Luke "The Oak" Joseph stood about 6'6", weighed around 240 pounds, and looked like he'd eaten the Golden Gate bridge for breakfast, or could have. Playing hide and seek wasn't his specialty. I, on the other hand, could walk down the street wearing all white and no one would notice, which was good, since my job was to follow cheating husbands and boyfriends and get the dirt on them, if you know what I mean.
A scholar athlete from a wealthy family, Luke looked forward to a career in pro football as a tight end. His jealous fiancee hired me because Luke was "sleeping with every bimbo wearing a tight dress and slut heels."
I'd been following him for two weeks and had yet to see a bimbo. There'd been a few mothers with kids asking for autographs, but no bimbos. Well, there was that slender babe with the short blond hair dressed in tight, lavender shorts, loose green top, and yellow sports bra in Starbucks who sashayed up to The Oak's table and handed him a napkin. He smiled and scribbled his name on the paper. I'm not sure he noticed how hot she looked, but I did.
The fiancee had the usual evidence—a lingering perfume odor that wasn't hers, late nights out, sudden business lunches with his agent. She practically paced the color out of my office carpet making sure I understood how awful her situation was. By the time she stopped to take a breath, I felt sorry for the guy. I wanted to suggest she go elsewhere, but then I spotted the second notice from my landlord relaxing on my desk giving me a little wave.
At our next meeting, I told the fiancee what I'd found, which was nothing. No groupies. No bimbos. Evenings studying at the library, sometimes with a group. The only lunch meeting was in Starbucks, where two men in suits discussed an endorsement deal if The Oak got drafted in the first round. The fiancee snorted. Twice.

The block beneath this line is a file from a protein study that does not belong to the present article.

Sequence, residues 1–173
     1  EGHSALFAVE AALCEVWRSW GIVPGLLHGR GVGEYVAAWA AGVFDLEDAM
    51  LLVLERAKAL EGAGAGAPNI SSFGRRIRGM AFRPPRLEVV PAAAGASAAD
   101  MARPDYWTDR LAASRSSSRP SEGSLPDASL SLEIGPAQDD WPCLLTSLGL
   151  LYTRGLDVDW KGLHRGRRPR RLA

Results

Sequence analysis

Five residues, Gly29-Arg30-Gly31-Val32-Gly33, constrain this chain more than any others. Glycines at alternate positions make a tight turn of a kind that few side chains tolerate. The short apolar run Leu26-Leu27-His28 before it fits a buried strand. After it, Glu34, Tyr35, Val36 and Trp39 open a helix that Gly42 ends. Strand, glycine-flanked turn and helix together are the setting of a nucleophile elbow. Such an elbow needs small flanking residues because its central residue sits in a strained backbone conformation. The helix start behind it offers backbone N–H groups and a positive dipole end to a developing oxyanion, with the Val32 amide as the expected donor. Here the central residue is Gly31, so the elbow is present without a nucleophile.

She said I was a waste of money and worthless and implied my manhood wouldn't satisfy a midget. She insisted I get back out there. She was paying me to find something she could use to suck some money out of The Oaks' old man, money she said she'd earned for putting up with — "not putting out, mind you,"—that bimbo-chaser as long as she had. Before I could reply, she stomped out of the office and slammed the door so hard the bowling pin trophy sitting on my desk nearly tipped over.
I tailed The Oak a couple more times and decided I wasn't going to find anything. On the last day, I approached him in the same Starbucks where I'd first seen the blond in the lavender shorts and told him what I'd been doing. At first he didn't believe me, but when I explained what the fiancee was up to, his shoulders slumped and he thanked me for being upfront with him.
The last time I saw The Oak was on ESPN. He'd been selected the fifth overall pick in the draft by San Diego. He stood for pictures with one arm around an older woman I assumed to be his mother and the other around a younger version, who wasn't his fiancee. At least not the one I knew. I saluted The Oak with a bottle of Budweiser and then myself for another job well done before finishing the rest of the cool liquid.
Oh, and the saucy blond I ogled in Starbucks? Her name's Leila and today's our wedding. She promised she'd wear something lavender for the ceremony in honor of our first encounter. She's walking down the aisle now, and I don't see any color other than white. I can't wait to go treasure hunting later.